Table 6: Comparison between both groups in adverse effects

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In our study, there was no trauma in either the blind TAP block or the US-guided TAP block.


  Discussion Top


The landmark-based regional anesthetic technique has been used for a long time, but there are always two main concerns: the first is the accuracy of placement of the needle and thus the local anesthetic and eventually the efficacy in a 'blind' technique and the second is the possibility for damage to nearby structures from blind placement of the needle. An inadvertent liver puncture in a patient postcesarean section has been reported after a landmark-based approach to the TAP block. In our study, there was no trauma during the TAP block. The injection blindly using the landmark technique and US-guided injection did not cause any trauma. This is in with agreement with one case series (>200 patients) [1] using a landmark-based technique, and reported no complications because of TAP block.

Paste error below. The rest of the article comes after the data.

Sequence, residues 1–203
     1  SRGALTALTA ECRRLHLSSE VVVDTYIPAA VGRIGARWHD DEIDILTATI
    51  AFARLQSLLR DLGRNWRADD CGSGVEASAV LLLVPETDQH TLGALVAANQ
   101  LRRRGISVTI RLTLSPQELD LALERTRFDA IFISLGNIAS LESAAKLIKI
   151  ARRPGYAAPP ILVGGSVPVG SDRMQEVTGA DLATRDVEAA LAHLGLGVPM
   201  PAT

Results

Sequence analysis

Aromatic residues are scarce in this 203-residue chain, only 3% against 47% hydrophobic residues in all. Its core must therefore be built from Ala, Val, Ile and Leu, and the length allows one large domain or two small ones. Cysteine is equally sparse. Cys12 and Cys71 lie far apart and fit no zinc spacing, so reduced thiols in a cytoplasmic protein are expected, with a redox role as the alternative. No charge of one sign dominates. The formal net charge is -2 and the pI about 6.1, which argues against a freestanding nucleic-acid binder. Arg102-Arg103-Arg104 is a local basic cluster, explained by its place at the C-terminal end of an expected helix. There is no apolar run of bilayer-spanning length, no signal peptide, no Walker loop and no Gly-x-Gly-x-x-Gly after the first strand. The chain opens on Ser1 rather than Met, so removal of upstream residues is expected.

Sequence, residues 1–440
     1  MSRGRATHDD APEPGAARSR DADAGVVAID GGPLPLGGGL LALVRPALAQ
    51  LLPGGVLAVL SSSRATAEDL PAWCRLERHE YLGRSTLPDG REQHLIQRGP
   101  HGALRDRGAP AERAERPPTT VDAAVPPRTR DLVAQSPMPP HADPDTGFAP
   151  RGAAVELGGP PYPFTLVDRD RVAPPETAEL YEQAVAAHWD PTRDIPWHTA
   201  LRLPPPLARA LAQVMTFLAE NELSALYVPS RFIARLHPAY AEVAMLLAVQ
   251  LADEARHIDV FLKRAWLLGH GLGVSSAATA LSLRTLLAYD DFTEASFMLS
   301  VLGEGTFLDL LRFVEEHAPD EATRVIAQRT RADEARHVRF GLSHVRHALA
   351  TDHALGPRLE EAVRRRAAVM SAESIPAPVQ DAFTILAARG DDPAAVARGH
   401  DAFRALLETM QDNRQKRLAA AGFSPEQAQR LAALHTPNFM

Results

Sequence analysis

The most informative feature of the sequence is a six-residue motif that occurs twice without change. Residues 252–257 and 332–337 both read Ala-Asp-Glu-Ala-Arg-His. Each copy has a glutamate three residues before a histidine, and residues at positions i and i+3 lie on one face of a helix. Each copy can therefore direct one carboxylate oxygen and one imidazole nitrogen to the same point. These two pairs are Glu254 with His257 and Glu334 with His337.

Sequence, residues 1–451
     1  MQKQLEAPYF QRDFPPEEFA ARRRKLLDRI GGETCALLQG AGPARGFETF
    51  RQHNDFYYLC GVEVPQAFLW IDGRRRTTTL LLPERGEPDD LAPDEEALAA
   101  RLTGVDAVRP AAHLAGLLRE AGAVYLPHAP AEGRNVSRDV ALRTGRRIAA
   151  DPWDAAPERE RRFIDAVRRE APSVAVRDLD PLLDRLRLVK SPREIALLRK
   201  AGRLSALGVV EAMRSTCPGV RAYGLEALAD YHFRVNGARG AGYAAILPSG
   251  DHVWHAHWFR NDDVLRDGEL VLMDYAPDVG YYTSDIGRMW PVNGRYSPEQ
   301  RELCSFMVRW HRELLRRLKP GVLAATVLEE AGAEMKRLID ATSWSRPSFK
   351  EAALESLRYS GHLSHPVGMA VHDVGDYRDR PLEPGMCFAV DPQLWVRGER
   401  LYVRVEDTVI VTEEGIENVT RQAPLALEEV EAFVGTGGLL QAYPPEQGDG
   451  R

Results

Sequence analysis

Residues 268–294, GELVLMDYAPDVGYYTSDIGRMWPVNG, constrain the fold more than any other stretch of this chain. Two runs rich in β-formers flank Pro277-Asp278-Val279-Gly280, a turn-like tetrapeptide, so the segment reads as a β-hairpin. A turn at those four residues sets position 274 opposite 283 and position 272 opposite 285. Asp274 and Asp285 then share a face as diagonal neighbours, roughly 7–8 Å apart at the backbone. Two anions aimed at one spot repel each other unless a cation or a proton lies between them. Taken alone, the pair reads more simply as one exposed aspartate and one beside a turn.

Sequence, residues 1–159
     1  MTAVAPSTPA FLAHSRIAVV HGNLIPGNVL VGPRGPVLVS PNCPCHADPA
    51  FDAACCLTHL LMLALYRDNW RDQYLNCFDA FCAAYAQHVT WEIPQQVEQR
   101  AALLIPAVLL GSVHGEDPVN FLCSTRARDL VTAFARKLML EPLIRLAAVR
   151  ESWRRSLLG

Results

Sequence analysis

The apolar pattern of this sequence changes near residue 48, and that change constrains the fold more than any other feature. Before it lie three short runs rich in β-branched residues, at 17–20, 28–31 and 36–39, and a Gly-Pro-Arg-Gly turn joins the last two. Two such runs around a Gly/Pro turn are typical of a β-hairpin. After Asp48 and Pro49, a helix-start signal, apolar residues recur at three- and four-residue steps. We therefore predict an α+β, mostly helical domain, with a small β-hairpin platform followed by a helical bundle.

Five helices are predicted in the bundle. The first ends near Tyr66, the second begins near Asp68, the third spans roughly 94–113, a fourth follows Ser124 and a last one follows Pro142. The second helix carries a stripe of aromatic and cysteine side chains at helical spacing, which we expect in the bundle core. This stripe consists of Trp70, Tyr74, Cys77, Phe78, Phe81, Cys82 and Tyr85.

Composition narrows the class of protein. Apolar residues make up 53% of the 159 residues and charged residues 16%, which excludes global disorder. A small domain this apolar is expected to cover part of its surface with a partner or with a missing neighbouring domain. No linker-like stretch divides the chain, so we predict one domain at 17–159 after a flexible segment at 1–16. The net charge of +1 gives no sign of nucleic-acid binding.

In our study, there were no statistically significant differences between both groups in demographic data or intraoperative findings.

Our study showed that an US-guided TAP block with bupivacaine (group U) produced less pain (lower VAS) in women who had cesarean deliveries in comparison with landmark-guided TAP block (group B). However, only at 30 min and 1 h postoperatively, there was low VAS in both groups. This short duration of analgesia in group B may be as attributed to the relatively large volume of local anesthetic used for TAP blocks (typically ≥20 ml); thus, it is possible that the local anesthetic could diffuse from a nearby plane to block the neural afferents in the TAP, resulting in an analgesic effect, but not as efficiently as direct visualization of local anesthetic placement as in group U.

In contrast to our study, McDonnell et al. [15] reported, in a study carried out on 32 adults who underwent large bowel resection by a midline abdominal incision and received a landmark-guided TAP block, highly effective postoperative analgesia in the first 24 postoperative hours.